Another good example of the use of Opposition Days
How the legislature can use this mechanism for the purposes of executive scrutiny - with hat tip to one of my Year 12s
This vote was brought to my attention by one of my terrific Year 12s, Anuli. Every week I try to hold a 'Media Monday' session whereby students present a what, where, when, how and why report on a news item related to the A Level Politics course. This is designed to encourage students to keep abreast of developments in the subject.
The issue of unsafe cladding, brought to the public's attention because of the Grenfell disaster, was the subject of a vote tabled by the Labour Opposition.
I've blogged recently on another example of the successful use of this mechanism.
In late January I wrote about the planned changes to Universal Credit:
"Although there has been no official change in policy as this is written, as newspaper headlines have reported this week, the Prime Minister is reconsidering plans to cut £20 a week from benefits.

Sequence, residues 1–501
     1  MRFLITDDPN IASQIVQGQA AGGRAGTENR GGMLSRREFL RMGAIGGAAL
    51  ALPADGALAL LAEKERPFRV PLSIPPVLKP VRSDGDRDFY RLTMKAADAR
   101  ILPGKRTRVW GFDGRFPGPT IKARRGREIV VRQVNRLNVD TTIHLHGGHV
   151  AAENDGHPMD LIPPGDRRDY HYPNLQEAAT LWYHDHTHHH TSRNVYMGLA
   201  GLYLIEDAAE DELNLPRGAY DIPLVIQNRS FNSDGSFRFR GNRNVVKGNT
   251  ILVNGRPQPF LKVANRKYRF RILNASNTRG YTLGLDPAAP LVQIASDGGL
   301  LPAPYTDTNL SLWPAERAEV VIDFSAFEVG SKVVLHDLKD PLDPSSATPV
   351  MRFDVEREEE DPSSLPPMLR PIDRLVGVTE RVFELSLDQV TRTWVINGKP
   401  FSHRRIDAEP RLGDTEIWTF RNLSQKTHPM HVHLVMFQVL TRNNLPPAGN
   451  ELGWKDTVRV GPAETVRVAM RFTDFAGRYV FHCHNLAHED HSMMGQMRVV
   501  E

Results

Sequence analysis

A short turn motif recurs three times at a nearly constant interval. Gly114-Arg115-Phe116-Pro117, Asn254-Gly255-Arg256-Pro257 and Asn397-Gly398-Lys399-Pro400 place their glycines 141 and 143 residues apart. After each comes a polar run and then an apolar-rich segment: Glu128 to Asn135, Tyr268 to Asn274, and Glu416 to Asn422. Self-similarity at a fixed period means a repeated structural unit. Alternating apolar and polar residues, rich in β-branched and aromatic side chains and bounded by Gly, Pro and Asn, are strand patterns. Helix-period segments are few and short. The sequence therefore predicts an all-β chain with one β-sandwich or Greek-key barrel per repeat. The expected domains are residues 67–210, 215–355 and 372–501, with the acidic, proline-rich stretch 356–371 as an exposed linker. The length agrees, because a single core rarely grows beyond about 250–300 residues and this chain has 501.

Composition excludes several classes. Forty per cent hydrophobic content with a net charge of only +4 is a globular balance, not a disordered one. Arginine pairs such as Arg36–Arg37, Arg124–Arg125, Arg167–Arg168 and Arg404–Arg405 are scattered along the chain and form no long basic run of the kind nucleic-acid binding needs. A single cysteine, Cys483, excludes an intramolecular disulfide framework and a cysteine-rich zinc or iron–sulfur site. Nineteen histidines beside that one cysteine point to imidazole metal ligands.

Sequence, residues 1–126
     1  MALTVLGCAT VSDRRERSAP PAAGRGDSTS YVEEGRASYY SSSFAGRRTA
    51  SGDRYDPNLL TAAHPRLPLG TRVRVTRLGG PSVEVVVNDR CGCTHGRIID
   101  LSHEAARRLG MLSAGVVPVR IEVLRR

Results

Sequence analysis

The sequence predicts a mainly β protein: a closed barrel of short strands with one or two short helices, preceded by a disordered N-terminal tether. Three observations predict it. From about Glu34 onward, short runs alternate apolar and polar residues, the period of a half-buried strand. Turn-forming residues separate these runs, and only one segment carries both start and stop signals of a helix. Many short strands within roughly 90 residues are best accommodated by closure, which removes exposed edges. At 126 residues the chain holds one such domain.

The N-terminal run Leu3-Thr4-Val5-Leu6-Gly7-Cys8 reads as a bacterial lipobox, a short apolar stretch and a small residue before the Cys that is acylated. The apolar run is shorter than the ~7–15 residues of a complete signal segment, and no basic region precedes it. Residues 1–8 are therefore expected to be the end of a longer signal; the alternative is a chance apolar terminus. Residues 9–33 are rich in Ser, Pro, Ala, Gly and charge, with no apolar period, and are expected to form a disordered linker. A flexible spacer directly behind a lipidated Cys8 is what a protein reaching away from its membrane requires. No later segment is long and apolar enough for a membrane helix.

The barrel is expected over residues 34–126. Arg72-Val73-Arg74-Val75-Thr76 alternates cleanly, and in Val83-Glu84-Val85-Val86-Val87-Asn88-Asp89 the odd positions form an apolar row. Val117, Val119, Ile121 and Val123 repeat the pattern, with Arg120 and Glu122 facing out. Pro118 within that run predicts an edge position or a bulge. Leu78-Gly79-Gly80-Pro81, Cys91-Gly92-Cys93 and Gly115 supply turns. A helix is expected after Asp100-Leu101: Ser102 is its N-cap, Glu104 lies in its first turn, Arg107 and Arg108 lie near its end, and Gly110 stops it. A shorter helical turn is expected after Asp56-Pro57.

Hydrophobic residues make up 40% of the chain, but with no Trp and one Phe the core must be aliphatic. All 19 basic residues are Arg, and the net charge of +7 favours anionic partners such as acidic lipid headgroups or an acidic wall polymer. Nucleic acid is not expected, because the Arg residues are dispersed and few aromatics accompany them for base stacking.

First what are Opposition Days?
According to the UK Parliament website:
“Opposition days are days allocated in the House of Commons for the discussion of subjects chosen by the opposition (non-government) parties. There are 20 days allocated for this purpose per session (under Standing Order 14).”
Source: Opposition days - UK Parliament
Generally, these days are seen as relatively unimportant because votes are whipped and given the government invariably has an in-built majority they almost always win, and the result of the vote is non-binding.
There are some exceptions to this, however. Quite a high-profile loss by the government of the day was back in 2009 when Gordon Brown’s government fell to a shock defeat on the rights of Gurkhas to remain in the UK. This then led to a volte face by the government.
On the housing issue, the Tories abstained again and so Labour carried the vote by 263-0.
As mentioned before, this vote is non-binding by it does put pressure on the Prime Minister. But the point is that the government rarely loses votes during Opposition Days because they invariably have an in-built majority. So to paraphrase Oscar Wilde, to lose once is unfortunate, to lose twice looks like carelessness.